Optimistic under fire Superintendent: Walter G. Amprey has forged ahead with plans for Baltimore City schools despite a proposal by Mayor Kurt L. Schmoke and Gov. Parris N. Glendening to restructure school government that would phase out Amprey's job.


Schools Superintendent Walter G. Amprey bounded into his office at city school headquarters yesterday with his head held high.

He is acutely aware that Baltimore is watching, his administrators are watching, teachers are watching -- waiting for the end that city and state officials have signaled.

Amprey's job would be eliminated in the restructuring of school government proposed last week by Mayor Kurt L. Schmoke and Gov. Parris N. Glendening to settle a long-running legal dispute over state aid and city school management.

Yesterday, Amprey declared that this will be his best year. Although he insisted he has no plans to leave, he also suggested that he would not abide a reorganization that undercuts his already carved-up authority.

Until he hears otherwise, he says, the job of superintendent is his and the work goes on: Teachers return to school Aug. 27; children return Sept. 4.

"I have no reason to believe that I won't be leading the schools through the opening in September, and through the greater part of the 1996-1997 school year, if not longer," he said. "I'll let the mayor handle the partnership stuff and working with the governor -- that's what they do. I'm going to try to work as quietly and fast as I can in the eye of this hurricane."

With trademark resilience, Amprey has forged ahead with plans to keep his many programs in place when school starts. Despite the city-state negotiators' wishful claim that they can wrap up a settlement before school opens, Amprey is an optimist.

There is no evidence that law- and policy-makers are finished bickering over whether, how or how soon to create a new government for city schools, he pointed out. The city and state may still end up going to trial, which could take years to resolve, he said.

State education officials have hinted directly and indirectly that there is no place in the "partnership" for Amprey. This week, at a news briefing, they said that Amprey would be free to apply for positions within the proposed new hierarchy of chief executive officer, chief academic officer and chief financial officer.

"I don't want to speculate about it so much, because I don't know enough about it," he said, "But just on first blush, I'd say, I want to be superintendent. I want to be responsible for the operation of these schools. That's what I was brought here to do. I don't want to relinquish any of that to any other group or force."

His office at North Avenue headquarters is his sanctuary from the political storm.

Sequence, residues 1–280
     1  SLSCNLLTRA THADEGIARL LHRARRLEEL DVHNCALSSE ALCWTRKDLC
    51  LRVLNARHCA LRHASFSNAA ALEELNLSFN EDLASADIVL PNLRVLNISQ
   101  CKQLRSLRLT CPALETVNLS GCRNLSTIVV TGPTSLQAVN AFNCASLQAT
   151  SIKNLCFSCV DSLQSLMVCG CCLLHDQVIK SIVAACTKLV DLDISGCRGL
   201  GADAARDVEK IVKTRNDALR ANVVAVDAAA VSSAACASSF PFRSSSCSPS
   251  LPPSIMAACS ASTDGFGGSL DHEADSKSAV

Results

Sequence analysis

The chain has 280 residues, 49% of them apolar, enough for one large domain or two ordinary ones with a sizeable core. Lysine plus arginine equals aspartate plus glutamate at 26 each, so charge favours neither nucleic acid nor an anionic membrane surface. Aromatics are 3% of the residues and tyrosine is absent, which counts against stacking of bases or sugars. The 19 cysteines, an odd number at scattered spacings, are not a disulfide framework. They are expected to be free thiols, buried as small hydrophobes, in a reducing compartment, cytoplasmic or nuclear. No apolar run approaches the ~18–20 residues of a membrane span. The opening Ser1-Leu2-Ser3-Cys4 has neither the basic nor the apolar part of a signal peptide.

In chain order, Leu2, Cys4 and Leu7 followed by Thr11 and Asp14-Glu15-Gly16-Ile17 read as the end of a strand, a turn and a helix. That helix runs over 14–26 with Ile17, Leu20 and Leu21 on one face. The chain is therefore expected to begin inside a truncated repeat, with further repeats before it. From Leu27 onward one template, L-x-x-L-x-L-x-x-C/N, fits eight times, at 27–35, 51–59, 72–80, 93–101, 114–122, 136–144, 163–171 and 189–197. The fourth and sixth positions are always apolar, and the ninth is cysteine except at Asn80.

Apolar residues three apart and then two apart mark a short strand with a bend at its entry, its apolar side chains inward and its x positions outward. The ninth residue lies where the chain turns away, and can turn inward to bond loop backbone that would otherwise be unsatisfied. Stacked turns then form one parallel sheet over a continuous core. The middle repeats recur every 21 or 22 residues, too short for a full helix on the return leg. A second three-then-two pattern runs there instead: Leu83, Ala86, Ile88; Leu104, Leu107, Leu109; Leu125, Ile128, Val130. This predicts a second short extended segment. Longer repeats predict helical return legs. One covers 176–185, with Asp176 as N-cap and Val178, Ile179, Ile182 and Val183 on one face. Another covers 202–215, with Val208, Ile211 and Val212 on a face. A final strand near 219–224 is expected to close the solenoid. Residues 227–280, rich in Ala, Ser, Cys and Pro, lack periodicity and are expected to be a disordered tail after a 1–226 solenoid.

In the calm of his office suite yesterday, Amprey hailed his staff with characteristic enthusiasm and shook hands with visiting clergymen in his lobby. He checked the progress of his summer programs, and shouted gleefully when he found on his desk a gift from a secretary: a slice of homemade pound cake and a fork. He answered the repetitive questions of visitors: Are you going to be here? We saw the news: What's going to happen to you?

The minister's son grinned, and said he has neither the time nor the inclination to fret. There is nowhere he wants to go anytime soon, he insisted.

His $140,000-a-year contract is good through July 31, 1998, and contains a golden parachute clause that would ensure he is paid if the city decided to release him. He frequently receives invitations from other school districts, and he has learned on the speaking circuit of education conferences this summer that his skills are not only marketable but in demand.

"None of them come close to my desire to stick it through and to finish the job here," Amprey said. "I think that I've served the city well, and I plan to continue to serve the city. I have all kinds of spiritual and psychological reserve as far as this is concerned."

In a memo to all hands this week, Amprey urged nervous employees to ignore the school system's critics and the distraction of the continuing legal battle over school management and finance. He reminded them that more than 100,000 children depend on them to get schools open in one month.

No matter what detractors say about his ability to manage the behemoth and overburdened school system or its $650 million budget, few question his skills as a charismatic speaker and motivator.

His finest hour as cheerleader and cajoler may have come as he enters his sixth year as superintendent. If he lasts the year, he'll have achieved the second-longest tenure a schools chief has had in Baltimore in 25 years.

He has hoped that the city's lawsuit seeking an increase in state aid would end up at trial -- despite the cost and aggravation of litigating, he said. The lawsuit is being watched nationally: It's another chance to repeat his mantra that progress has been proved possible by his urban school district during the past five years.

He opposes the changes to city authority sought by state officials. The current arrangement -- with a hands-on mayor, an appointed school board, and a superintendent -- suits him fine.

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